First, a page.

Those who think success in a relationship has anything to do with the other person wonder why relationships keep working out badly and when the right person is going to come along. The right person is what we need to become, not someone out there waiting to be discovered.

The first thing we should be thinking during and after all interactions is "how did I act and what changes can I make next time I find myself in a similar circumstance." When we focus on our own behavior our relationships improve. When we expect the other person to change we end up disappointed and blaming the other person for our own failings.

John McManamy said...

Hey, Tom. I appreciate where you're coming from. I'm all for focusing on my behavior as a means to improve relationships. I know I'm a much better person to get along with than I used to be. But I could no longer be with the wrong woman than put up with the wrong boss or the wrong group of friends. We make choices. Sometimes they're the wrong ones. Then my growth involves owning up to my bad decisions, moving on, and hoping to make better ones.

I'm not about to blame my relationship failures on the women I was with. Then I would be doomed to repeat the same mistakes. An awful lot of things have to go right to make a relationship work. Only a few things have to go wrong.

We're all the right people, but many of us tend to get into the wrong relationships.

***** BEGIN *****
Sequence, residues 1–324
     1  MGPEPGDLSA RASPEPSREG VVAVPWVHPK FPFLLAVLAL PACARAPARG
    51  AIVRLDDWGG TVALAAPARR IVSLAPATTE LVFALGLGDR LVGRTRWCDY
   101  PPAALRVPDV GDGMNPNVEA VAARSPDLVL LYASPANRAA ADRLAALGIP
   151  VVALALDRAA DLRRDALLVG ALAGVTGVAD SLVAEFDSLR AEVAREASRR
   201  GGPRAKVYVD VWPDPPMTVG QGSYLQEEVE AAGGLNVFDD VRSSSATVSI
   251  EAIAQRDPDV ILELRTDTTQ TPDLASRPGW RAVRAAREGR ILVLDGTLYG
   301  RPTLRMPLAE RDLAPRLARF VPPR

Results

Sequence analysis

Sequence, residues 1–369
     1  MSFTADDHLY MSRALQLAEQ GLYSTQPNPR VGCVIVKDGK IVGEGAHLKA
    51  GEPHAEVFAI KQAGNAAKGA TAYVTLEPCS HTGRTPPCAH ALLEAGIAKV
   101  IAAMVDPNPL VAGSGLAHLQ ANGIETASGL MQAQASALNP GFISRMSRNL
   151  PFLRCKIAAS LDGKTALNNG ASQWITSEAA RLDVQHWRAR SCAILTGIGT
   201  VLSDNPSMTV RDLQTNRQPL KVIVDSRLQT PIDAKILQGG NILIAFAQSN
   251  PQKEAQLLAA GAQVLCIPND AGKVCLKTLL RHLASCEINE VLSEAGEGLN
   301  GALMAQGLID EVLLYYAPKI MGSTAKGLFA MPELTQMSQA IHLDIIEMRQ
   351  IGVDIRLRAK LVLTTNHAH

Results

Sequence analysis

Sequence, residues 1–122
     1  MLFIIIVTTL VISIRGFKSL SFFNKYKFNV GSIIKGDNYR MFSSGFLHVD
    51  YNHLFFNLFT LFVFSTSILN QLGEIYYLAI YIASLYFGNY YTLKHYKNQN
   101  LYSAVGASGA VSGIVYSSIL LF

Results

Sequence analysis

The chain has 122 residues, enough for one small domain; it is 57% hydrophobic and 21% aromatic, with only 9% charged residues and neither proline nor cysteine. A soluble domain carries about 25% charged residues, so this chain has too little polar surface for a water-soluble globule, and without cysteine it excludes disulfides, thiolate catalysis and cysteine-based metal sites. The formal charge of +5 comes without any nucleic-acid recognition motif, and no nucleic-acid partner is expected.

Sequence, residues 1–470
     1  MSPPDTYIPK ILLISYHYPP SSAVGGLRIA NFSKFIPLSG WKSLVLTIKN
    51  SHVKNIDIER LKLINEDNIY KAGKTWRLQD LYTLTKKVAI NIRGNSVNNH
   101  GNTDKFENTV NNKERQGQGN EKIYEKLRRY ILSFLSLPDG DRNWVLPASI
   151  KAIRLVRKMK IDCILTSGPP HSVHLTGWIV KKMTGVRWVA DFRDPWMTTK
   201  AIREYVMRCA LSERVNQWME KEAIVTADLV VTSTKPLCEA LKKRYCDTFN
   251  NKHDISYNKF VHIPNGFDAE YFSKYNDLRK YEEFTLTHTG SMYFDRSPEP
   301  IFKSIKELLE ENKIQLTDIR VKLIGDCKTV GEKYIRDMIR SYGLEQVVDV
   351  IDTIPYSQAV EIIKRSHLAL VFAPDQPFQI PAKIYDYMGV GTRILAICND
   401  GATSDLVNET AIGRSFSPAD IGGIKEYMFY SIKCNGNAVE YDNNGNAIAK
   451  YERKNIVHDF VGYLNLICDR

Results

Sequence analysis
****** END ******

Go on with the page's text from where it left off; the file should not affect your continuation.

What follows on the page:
Tom Wootton said...

At a much higher level there are no wrong relationships or choices of the wrong people. One could argue that Jesus had a bad relationship with the Romans, but he chose it. Are you saying that he made a bad choice? Or did he act in a way that made it one of the greatest relationships of all time?

I would rather develop right behavior than be wrong about picking the right person. As long as one thinks that there is the wrong person or wrong boss, he/she will miss the point that the most important choice is how we act. Funny thing about the world, we keep getting the same boss until we figure this out. All three of the women could have been the right one and still could be. Thinking that it is the wrong person IS blaming the failure on the women you were with.

We have a great workshop on this with Dr. Maureen Duffy. She focuses self care and regulating ones own emotions and responses in relationships as well as learning how to avoid abusive relationships.

John McManamy said...

Hey, Tom. Very interesting points. But when a woman writes to me about being physically and emotionally abused by her loved one I'm not going to tell her about the relationship Jesus chose with the Romans.

You never met the women I was with, so it's not your place to judge my actions, nor do I have to defend myself.

They were the right women. The relationships were wrong - that's all you need to know.

I'm not Jesus. I'm a very imperfect being trying to be a less imperfect. Despite these relationships ending in failure, I still regard them as successful. But there were patterns to the last three that I cannot divulge here that I do not wish to repeat.

Unfortunately, those patterns originated in my being open to dating women with mental illness and in my failure to spot the more subtle patterns developing. The simple solution is to simply stop dating women with a diagnosis. The more complex solutions involve a lot more risk.

No right or wrong here. We simply learn from experience and try to do the best we can.